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George Floyd’s former roommate remembers his friend: ‘Every day … I see his face’

George Floyd was already a “giant” in Alvin Manago’s life. Floyd helped him find a job and a place to live, and they ended up being roommates for nearly four years.

Then, two weeks ago, the 46-year-old Floyd was killed after a Minneapolis police officer knelt on his neck during an arrest, sparking international protests over police brutality against Black people. 

While Manago is mourning his friend, he takes pride in what Floyd has accomplished in death.

“That’s what I’ll always remember: ‘Big guy, you did it. You’re bigger than life, you showed the world,'” Manago told CBC News in a wide-ranging interview, sitting outside the bungalow he and Floyd shared in the Minneapolis suburb of St. Louis Park.

Floyd’s funeral will take place Tuesday in his hometown of Houston.

His name is still on the mailbox of the house in Minneapolis and his room is untouched, waiting for his family to claim his belongings. His orange Nike shoes sit by the back door, as though he were going to lace them up and head out to the basketball net in the yard, where he’d often give pointers to a neighbourhood kid.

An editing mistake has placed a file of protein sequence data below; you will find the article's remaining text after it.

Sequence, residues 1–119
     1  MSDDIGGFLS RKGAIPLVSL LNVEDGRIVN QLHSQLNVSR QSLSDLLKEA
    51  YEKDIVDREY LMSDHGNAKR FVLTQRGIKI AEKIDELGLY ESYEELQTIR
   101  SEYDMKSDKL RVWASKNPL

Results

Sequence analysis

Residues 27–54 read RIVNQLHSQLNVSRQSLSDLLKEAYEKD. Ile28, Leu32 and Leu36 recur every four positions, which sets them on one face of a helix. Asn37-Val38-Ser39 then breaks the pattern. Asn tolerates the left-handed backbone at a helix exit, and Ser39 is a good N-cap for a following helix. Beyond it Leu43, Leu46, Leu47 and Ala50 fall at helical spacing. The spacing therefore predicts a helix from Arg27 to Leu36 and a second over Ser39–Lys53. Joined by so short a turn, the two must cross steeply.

WATCH | George Floyd’s former roommate shares details of his life:

Alvin Manago talks with the CBC’s Susan Ormiston about his late friend and roommate George Floyd, whom he described as a ‘good guy’ who treated people with kindness.   5:31 

“He was a good guy,” said Manago, while acknowledging that Floyd “struggled.”

“He tried to be strong. That was his goal — to be better.” 

Sought a fresh start

George Floyd moved to Minneapolis about five years ago, seeking better job opportunities and a fresh start. 

He’d been a high school football champion in his hometown of Houston, played college basketball in Florida, then returned to Texas but didn’t finish his undergraduate degree.

This mural was painted in Minneapolis to memorialize George Floyd. (Susan Ormiston/CBC)